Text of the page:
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Small New York Town Becomes Home to World's Largest Contemporary Art Museum - 2003-05-30


New York State's Hudson River Valley was once bustling with harbor activity and Industrial Age factories. It is now peppered with quaint, residential communities, antique stores, and quiet cafes. For one of those communities, however, life is changing rapidly. Beacon, New York, a small, riverside town, is suddenly home to the largest contemporary art museum in the world.

Sixteen-thousand people live in Beacon, New York, 100 kilometers north of New York City. There are no hotels, or even a bed and breakfast. Local people think of it as a village.

But an institution of New York City sized proportions now calls this village home. Dia Beacon is a 30,000 square-meter art gallery boasting a permanent collection of some of the most important artists of the 20th century, European and American Pop-artists, including Andy Warhol and Walter DeMaria.

Beacon's Mayor Clare Lou Gould says the enormous facility, once a box-printing factory, is attracting countless visitors and new residents to her town. "We have had people come to city council meetings and say they have moved up because Dia Beacon was coming. There is always a tendency to follow the arts. It has happened here and in other places. We are not that far from New York City," he says.

The art in Dia certainly calls to mind New York City's artistic sensibility. A giant room lined with 72 of Andy Warhol's colorful Shadows series. The factory's former train depot, crowded with Richard Serra's mammoth, seven-meter high Torqued Ellipses. Another huge room littered with John Chamberlain's towering sculptures made of twisted car wreckage.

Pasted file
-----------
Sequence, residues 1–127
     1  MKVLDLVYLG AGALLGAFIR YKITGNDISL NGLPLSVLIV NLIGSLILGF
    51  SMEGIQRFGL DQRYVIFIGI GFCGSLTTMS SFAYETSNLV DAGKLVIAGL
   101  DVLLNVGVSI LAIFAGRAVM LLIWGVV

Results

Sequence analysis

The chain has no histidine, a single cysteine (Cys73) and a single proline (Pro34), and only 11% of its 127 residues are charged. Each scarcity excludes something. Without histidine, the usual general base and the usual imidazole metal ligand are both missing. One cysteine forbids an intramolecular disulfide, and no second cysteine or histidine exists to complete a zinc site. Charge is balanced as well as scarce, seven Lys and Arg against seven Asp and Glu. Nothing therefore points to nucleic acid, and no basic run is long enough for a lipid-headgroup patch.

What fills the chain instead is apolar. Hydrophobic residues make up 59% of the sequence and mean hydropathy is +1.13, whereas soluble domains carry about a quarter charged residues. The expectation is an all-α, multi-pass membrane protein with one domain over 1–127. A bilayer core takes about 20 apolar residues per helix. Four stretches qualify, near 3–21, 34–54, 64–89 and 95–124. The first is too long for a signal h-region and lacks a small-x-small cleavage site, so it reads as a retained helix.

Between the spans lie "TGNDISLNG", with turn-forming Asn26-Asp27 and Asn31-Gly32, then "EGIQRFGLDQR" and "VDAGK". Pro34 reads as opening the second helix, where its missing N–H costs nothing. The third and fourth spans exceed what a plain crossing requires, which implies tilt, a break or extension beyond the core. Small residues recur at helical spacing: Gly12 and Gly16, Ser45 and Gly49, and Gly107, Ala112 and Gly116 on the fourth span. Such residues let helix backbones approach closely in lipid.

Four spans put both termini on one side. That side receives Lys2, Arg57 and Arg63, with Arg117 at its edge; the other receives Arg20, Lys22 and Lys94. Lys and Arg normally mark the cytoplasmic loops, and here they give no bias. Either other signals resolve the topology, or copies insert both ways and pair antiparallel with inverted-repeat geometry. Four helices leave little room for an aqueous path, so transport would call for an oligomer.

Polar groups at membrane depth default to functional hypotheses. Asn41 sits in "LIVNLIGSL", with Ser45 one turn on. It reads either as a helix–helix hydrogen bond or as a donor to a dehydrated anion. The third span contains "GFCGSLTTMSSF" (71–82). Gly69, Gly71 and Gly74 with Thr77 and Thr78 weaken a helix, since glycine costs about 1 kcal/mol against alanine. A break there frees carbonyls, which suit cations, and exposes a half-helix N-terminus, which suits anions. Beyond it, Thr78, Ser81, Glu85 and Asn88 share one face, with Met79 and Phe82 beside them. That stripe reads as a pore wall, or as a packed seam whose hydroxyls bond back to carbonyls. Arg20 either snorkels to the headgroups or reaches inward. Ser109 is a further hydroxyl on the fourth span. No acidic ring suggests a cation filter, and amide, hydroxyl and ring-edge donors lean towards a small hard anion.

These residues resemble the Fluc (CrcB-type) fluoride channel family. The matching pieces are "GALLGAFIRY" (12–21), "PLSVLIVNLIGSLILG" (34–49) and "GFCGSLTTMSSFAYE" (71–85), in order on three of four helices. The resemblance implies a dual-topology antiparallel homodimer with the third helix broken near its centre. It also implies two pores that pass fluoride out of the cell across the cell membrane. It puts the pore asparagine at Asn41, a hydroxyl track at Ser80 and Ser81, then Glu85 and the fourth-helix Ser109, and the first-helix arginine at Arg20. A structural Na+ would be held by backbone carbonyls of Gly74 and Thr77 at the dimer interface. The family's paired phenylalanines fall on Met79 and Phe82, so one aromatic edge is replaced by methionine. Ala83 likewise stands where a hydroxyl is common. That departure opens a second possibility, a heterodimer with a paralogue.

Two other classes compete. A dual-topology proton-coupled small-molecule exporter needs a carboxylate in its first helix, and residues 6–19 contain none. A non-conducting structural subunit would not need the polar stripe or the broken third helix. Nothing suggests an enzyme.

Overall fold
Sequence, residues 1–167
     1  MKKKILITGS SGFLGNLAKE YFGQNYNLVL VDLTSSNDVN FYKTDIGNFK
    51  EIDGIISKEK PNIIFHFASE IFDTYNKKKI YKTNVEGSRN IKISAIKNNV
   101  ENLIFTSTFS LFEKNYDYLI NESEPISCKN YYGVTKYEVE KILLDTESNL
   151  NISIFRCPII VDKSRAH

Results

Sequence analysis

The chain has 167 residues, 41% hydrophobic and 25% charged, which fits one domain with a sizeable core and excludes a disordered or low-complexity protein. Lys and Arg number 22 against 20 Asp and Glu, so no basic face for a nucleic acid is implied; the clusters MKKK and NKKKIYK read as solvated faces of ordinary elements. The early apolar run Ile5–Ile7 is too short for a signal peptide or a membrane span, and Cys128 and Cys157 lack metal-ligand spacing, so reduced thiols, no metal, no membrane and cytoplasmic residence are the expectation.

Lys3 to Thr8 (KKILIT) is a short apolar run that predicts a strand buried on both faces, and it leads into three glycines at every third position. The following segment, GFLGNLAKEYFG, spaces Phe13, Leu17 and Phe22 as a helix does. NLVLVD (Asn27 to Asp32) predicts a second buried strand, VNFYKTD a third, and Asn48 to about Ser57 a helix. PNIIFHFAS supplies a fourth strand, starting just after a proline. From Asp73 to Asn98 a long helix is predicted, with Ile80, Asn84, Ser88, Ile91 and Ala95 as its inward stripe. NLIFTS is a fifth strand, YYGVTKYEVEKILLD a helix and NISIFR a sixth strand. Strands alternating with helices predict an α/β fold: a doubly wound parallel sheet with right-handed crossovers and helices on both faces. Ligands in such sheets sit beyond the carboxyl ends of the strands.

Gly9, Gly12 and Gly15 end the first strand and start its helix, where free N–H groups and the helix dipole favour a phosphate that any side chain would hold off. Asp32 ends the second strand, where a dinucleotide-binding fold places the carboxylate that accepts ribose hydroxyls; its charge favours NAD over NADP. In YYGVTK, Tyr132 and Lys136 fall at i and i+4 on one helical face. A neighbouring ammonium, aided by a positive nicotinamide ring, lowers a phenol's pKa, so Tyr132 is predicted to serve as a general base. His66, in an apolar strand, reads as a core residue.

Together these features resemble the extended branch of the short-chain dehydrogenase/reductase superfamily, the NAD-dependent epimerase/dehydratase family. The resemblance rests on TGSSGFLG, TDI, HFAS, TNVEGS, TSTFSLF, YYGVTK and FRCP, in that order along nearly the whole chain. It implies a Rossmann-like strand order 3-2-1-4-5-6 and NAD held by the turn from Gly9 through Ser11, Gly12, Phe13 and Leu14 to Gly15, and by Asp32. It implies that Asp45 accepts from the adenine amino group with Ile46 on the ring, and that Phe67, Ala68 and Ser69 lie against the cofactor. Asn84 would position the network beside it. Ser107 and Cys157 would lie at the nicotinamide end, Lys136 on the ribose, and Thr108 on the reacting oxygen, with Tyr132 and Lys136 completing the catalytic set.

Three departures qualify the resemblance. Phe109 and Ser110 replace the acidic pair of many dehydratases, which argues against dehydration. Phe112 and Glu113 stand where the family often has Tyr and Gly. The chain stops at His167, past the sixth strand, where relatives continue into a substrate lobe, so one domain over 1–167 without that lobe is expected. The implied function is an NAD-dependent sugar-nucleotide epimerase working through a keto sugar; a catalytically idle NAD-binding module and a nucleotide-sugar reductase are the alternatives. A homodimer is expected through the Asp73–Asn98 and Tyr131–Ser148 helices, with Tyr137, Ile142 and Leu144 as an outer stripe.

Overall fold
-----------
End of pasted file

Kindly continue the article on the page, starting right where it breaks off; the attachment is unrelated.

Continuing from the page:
Dia Beacon's director, Michael Govan, says the museum's location is important, and that it could mark the beginning of the end of big city monopolies on arts and culture in the United States. "Going outside of the city to see major monuments of any kind is more of a European phenomenon where, to see a major abbey or an artwork or a chapel is a common experience. In this country, it is not so common. We tend to have our urban centers, and then our suburban sprawl," he says. "But that is changing. Our urban centers are too densely packed. Artists can no longer afford to live in places like New York City. And so, as that movement changes, I think what you are going to see is new, smaller centers."

Media reports of skyrocketing real estate prices in Beacon have accompanied the arrival of the Dia Museum.

Mayor Gould says that the reports are somewhat exaggerated. "I do not know if skyrocketing is the appropriate term. Certainly, real estate values are increasing," he says. "But they had been low in comparison with a lot of the neighboring communities."

The Dia Museum is not the only thing generating a media buzz about Beacon, New York. A multi-million dollar institute dedicated to the study of river life is being built there on a 26 hectare waterfront site, currently home to another abandoned factory.

The Rivers and Estuaries Center on the Hudson's John Cronin says Beacon was the center's first choice because of its historically close relationship with the Hudson River. The center is going to lend Beacon the opportunity to re-orient itself towards the river through the establishment of a working waterfront again, which Beacon has not seen in decades," he says. "We will have research vessels and human-powered craft and motor vessels. People will be able to participate in education and research activities that go out on the water. There is a very different level of vitality that the center is going to bring, to add to what the Dia Beacon and redevelopment of the Beacon waterfront is going to bring as well."

One might expect the citizens of a small town to react negatively to so much change, so fast. But Mayor Gould says the people of Beacon are, for the most part, embracing the new institutions. "There will always be some who do not, that is a given. But largely, because there has been, throughout the years, so much adaptive re-use of the old buildings, they are receptive to change. And we have, when I say diversity, I really do mean a wonderful, not just ethnic and racial diversity and age and income diversity; 44 different countries are represented here," he says. "People are used to other people."

Beacon is not the only Hudson Valley town facing revitalization. Both the Dia Beacon Museum and the Rivers and Estuaries Center are part of New York Governor George Pataki's efforts to revive recreation and commerce along the entire length of the Hudson River.